MADIKERI: Coffee plantations are prone to several diseases and the attack from mealybug pests is among the major reasons for crop loss across estates. However, the Coffee Research Sub Station (CRSS) in Chettalli of Kodagu district has come up with a unique and organic way to fight this pest. Leptomastix Dactylopii, a parasitoid, has been developed at the station that will be effective in culling the mealybugs in the most ecofriendly way. “Mealybugs are major pests affecting coffee and they cause considerable crop loss,” explained Dr Manjunath Reddy, Entomologist at CRSS.
Ovalshaped, soft-bodied insects, the mealybugs are a threat to the pepper vines and other fruit trees in the estates too. The bugs breed during summer and cause immense damage to the crops during monsoon. “The bugs are covered with white mealy wax, making it tough to eradicate them.
They suck a large amount of sap from leaves and stems with the help of piercing mouthparts, depriving plants of essential nutrients,” he explained. There has been an increased buildup of the mealybugs in the estates and the wild in recent times and Dr Manjunath analysed that this might be due to the abiotic changes in climate and environment. While there are a few chemical sprays to fight the mealybugs, they have been proven ineffective as these bugs infest the estates during the monsoon. However, the CRSS has come up with the most organic way to fight these bugs.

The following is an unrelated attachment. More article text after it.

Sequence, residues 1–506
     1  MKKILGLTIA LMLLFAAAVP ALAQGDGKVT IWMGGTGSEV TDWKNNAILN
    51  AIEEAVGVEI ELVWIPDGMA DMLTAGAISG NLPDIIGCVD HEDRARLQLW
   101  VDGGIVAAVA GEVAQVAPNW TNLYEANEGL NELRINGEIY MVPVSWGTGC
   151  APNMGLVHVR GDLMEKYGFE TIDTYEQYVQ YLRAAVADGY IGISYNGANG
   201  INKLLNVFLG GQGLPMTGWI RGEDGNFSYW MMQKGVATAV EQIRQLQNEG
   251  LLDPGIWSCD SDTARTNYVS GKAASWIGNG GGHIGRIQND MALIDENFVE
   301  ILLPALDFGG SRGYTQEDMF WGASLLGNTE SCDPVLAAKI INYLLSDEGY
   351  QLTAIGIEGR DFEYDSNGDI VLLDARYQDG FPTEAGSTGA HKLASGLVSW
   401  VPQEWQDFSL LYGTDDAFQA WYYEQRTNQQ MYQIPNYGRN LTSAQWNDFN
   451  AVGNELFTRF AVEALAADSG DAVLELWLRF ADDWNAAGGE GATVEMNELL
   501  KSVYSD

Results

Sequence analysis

The substation has reared Leptomastix Dactylopii, a parasitoid that attacks and hunts mealybugs. “Female parasitoids lay eggs on the third instar (a lifecycle stage) and young adult mealybugs. A single parasitoid emerges from one mealybug. The parasitoid larvae eat the mealybug from the inside out. After 20-30 days, a young adult parasitoid emerges through a hole on the top-end of the dead mealybug,” he detailed.
A female parasitoid lays 300- 400 eggs,which develop into adult parasitoids in 20-30 days. These adult parasitoids have a lifespan of 2-3 weeks. The Leptomastix Dactylopii can be left in coffee estates that suffer from mealybug infestation and 1,000 Leptomastix Dactylopii are required to be released per acre of estate.
The parasitoid can be released across estates during the summer months, which is the breeding time of the mealybugs. The parasitoids are available at the entomology department at the CRSS in Chettalli and they are priced at Rs 250 per 1,000 parasitoids. This method is seen as the most economical and organic way to fight the mealybugs that infest both Robusta and Arabica varieties of coffee plants.